Jordan Approves Construction of Iraq Oil Pipeline: GOVT
Jordan has given the green light for the construction of a pipeline that would bring oil from southern Iraq to its port of Aqaba, a government spokesman said on Tuesday (February 6).
In 2013, the neighboring countries agreed on the idea of the 1,700-kilometer (1,000-mile) pipeline to run from Basra to the Red Sea port at a cost of $18 billion.
But plans for the pipeline -- which would run across Iraq -- were then put on hold after the Islamic State (ISIS) group in 2014 swept across large parts of the country.
Jordan's cabinet late Monday approved a framework agreement to be signed by both countries to build the pipeline to export Iraqi crude and provide resource-poor Jordan with oil, government spokesman Mohammed Momani said.
Momani did not give a timeframe for its construction.
Jordan relies on imports for 98 percent of its energy needs. It currently consumes 134,000 barrels per day and imports most of its oil from Saudi Arabia.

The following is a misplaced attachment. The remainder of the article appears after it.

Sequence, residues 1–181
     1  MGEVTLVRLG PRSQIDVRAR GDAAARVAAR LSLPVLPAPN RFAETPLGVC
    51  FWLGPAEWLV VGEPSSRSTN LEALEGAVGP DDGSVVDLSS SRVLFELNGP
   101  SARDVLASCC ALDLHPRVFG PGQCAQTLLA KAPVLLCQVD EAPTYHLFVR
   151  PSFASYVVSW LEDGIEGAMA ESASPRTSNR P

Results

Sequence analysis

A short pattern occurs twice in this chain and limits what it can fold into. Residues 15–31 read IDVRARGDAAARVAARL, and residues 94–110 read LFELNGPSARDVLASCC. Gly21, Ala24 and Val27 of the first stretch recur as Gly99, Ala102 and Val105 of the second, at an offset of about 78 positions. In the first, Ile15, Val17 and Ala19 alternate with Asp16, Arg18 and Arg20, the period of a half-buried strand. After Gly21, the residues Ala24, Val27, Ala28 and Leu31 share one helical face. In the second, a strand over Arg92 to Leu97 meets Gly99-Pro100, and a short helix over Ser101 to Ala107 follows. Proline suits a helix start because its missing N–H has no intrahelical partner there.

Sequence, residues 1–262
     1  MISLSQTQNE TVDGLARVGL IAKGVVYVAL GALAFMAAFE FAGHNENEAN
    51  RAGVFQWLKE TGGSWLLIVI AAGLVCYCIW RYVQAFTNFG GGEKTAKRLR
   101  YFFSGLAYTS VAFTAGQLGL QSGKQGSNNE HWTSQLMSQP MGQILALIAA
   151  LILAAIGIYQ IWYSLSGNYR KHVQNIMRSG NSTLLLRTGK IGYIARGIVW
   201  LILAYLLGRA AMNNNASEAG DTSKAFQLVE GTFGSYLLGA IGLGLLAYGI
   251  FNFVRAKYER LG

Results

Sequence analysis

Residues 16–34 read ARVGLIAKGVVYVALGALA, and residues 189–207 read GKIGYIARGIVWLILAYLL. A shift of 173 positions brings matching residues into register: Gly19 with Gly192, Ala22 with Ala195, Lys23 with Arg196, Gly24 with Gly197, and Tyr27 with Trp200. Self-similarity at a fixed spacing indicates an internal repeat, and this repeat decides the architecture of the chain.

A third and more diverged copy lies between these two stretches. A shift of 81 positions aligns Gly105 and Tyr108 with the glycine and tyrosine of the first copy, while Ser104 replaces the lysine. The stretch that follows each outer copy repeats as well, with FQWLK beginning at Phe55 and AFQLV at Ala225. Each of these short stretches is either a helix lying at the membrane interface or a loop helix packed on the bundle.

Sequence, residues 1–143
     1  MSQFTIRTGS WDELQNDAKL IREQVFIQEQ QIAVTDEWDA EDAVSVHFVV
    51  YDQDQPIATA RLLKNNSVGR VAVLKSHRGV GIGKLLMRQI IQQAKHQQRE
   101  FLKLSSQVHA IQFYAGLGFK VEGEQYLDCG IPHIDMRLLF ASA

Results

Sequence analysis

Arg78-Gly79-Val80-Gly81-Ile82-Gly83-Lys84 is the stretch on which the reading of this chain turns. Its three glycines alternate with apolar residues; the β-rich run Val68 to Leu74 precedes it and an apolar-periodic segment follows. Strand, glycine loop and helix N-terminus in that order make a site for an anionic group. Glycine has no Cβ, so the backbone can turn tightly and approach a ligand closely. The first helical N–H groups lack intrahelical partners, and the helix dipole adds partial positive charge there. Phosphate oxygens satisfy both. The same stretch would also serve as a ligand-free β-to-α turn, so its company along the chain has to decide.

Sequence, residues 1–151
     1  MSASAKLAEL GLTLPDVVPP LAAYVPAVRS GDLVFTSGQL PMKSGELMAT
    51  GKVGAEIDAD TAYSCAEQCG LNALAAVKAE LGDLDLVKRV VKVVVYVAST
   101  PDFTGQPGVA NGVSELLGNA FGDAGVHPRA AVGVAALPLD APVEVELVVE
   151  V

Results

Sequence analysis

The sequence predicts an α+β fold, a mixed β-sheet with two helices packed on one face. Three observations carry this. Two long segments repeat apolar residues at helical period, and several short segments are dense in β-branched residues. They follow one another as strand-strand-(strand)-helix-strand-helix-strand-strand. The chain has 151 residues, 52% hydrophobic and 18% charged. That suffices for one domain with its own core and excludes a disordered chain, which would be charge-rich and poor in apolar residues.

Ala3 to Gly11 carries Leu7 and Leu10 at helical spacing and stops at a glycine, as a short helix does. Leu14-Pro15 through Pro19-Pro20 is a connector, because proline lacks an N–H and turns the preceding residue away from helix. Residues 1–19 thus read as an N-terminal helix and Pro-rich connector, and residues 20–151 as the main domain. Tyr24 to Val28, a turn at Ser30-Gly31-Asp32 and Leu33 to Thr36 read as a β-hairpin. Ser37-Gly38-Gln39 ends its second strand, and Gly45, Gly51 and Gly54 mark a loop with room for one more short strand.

Oil-rich Iraq, which declared victory against ISIS nationwide in December, is seeking to boost production and exports to fund its reconstruction after years of war.
In 2013, an Iraqi official said his country would pump 850,000 barrels per day down the pipeline to Jordan, which would be enough to cover Jordan's needs and export the rest via Aqaba.
Iraq sits on one of the world's largest oil reserves -- 153 billion barrels by Baghdad's own estimates.
Iraq delivered oil to Jordan for preferential prices under the UN oil-for-food programme during the rule of late Dictator Saddam Hussein.